Increasing Chinese influence in South Asian region:

  • Defence outreach: Back in 1980s and 1990s there was a Sino-Pak military axis; today even the defence forces of Bangladesh, Sri Lanka and Maldives have Chinese equipment.
  • Friendlier approach: China is off late changing its hostile relationships with some neighbours to becoming friendlier. For example, with Philippines, Myanmar, Singapore, Japan and South Korea.
  • Soft loans: China has been extending soft-loans to neighbouring nations to help them develop state of infrastructure. The downside of this has been countries being caught in a debt-trap, like in Sri Lanka and Maldives.
  • Concerns about China involvement: China has only two real friends in the world: Pakistan and North Korea. Big and small nations are increasingly wary about Chinese intensions.
  • Even in The Arctic Circle council, Greenland (Denmark) expressed deep distrust towards China’s investment in its aviation sector.
  • Reorienting diplomacy: China’s ‘major power diplomacy’ consists of four aspects: economic expansion, political penetration, “friendship” creation, and core interest protection.

Challenges posed:

  • China seeks to connect South Asia with China; while India seeks to bring South Asia closer from within as well as more connected with Eurasia and South East Asia.
  • There is a large measure of uncertainty about the geopolitical implications of the BRI in South Asia.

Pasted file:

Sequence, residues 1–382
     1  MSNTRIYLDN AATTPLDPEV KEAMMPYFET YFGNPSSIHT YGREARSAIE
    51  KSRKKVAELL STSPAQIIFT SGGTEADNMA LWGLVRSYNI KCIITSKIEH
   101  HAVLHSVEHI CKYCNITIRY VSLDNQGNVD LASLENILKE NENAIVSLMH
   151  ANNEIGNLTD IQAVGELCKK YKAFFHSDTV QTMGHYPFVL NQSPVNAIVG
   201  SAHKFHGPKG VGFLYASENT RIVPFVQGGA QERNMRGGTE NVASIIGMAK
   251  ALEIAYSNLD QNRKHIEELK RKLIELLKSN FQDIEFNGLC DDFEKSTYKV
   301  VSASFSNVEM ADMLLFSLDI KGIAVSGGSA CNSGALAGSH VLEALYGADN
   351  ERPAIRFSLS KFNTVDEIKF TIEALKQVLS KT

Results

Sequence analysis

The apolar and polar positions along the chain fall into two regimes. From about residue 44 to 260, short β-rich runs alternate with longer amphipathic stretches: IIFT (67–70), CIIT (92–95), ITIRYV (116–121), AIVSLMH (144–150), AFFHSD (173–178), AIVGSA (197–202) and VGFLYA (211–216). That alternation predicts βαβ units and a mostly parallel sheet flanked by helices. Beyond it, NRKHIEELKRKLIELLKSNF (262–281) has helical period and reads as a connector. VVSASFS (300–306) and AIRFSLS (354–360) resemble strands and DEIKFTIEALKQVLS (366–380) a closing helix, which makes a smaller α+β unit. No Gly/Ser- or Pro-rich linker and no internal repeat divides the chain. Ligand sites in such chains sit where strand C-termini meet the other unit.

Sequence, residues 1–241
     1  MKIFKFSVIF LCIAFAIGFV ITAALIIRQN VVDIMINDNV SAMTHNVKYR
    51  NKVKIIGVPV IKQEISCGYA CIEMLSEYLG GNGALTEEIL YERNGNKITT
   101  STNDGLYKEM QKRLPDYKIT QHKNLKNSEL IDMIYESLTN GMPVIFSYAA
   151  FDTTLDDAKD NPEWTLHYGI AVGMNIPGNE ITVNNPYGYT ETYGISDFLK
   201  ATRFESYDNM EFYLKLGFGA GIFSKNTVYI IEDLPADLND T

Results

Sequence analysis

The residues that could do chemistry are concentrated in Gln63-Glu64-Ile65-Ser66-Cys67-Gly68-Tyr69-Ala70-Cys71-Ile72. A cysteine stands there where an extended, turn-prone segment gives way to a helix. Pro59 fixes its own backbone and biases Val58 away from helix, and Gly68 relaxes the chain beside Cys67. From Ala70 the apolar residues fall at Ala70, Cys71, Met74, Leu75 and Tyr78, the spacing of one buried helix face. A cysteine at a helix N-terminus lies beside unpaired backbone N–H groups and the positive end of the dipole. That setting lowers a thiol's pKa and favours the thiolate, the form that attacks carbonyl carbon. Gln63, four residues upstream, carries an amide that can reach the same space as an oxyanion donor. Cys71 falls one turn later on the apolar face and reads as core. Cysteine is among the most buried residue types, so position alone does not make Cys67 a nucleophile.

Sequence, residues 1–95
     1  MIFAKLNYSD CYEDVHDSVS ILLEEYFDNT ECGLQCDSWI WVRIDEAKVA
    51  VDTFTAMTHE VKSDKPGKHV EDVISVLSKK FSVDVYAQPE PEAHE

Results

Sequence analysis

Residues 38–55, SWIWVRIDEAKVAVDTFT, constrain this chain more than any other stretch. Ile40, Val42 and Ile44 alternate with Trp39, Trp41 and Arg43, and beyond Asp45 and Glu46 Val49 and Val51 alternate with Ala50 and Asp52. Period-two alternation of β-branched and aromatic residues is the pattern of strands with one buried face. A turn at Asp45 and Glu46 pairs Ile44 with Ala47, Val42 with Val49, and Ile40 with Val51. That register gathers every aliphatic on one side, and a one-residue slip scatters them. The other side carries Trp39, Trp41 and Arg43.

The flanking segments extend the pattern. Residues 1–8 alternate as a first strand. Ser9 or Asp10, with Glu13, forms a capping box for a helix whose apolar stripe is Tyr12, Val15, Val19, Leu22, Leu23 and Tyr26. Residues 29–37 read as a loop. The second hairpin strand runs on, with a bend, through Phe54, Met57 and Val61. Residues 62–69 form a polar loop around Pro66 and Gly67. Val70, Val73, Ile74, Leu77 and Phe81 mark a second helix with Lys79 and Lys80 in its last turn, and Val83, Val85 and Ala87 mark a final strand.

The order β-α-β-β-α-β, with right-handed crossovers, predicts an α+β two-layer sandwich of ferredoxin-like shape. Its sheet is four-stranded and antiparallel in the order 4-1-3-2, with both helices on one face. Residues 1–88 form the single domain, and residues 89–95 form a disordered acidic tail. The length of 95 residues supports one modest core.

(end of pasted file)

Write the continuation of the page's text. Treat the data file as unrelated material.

• China’s deep pockets make it difficult for India to control the expansion of China’s influence in India’s neighbourhood.
  • India’s main concern is that deeper connectivity between India’s neighbours and China will reorient the foreign policies of South Asian states in ways that could eventually undermine Indian interests and challenge its claims to regional authority.
  • More broadly, China’s engagement in South Asia might also adversely influence domestic politics in the subcontinent and strengthen anti-India political forces; the latter could spill over onto the domestic politics in India’s states, thereby impacting periphery security and social stability.
  • A major faultline would be the militarizing of China’s regional connectivity projects.
  • Such a hypothetical scenario would pose military security challenges to India as well as place China in a position to act as a direct security provider in the subcontinent, an outcome that would have profound consequences for the geopolitics in the region.

India must re-orient its foreign policy:

  • India must regain its role as a prime mover of the South Asian Association for Regional Cooperation (SAARC), the organisation it abandoned.
  • Indian government must promote the alternate regional groupings such as South Asia Subregional Economic Cooperation (SASEC), BIMSTEC, the Bangladesh, Bhutan, India, Nepal (BBIN) Initiative and Security and Growth for All in the Region (SAGAR).
  • India must recognise that doing better with its neighbours is not about investing more or undue favours. It is about following a policy of mutual interests and of respect.
  • India is more culturally attuned to than China is. Each of India’s neighbours shares more than a geographical context with India. They share history, language, tradition and even cuisine.
  • With the exception of Pakistan, none of them sees itself as a rival to India, or India as inimical to its sovereignty.
  • When dealing with Beijing bilaterally, New Delhi must match China’s aggression, and counter its moves with its own.
  • When dealing with China in South Asia, however, India must do exactly the opposite, and not allow itself to be outpaced.
  • Maintaining regional peace is the responsibility of all the countries. India needs to rekindle the SAARC process in order to secure historical affinity with its neighbours.
  • Indian policymakers must take the long view and pursue an approach of peaceful competition in the neighbourhood.

Conclusion: